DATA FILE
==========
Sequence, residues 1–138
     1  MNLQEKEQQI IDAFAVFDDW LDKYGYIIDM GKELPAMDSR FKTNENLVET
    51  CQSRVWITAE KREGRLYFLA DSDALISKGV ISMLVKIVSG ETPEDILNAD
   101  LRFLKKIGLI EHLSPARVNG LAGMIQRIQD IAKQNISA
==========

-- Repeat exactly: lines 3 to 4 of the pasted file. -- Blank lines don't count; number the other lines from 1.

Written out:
    51  CQSRVWITAE KREGRLYFLA DSDALISKGV ISMLVKIVSG ETPEDILNAD
   101  LRFLKKIGLI EHLSPARVNG LAGMIQRIQD IAKQNISA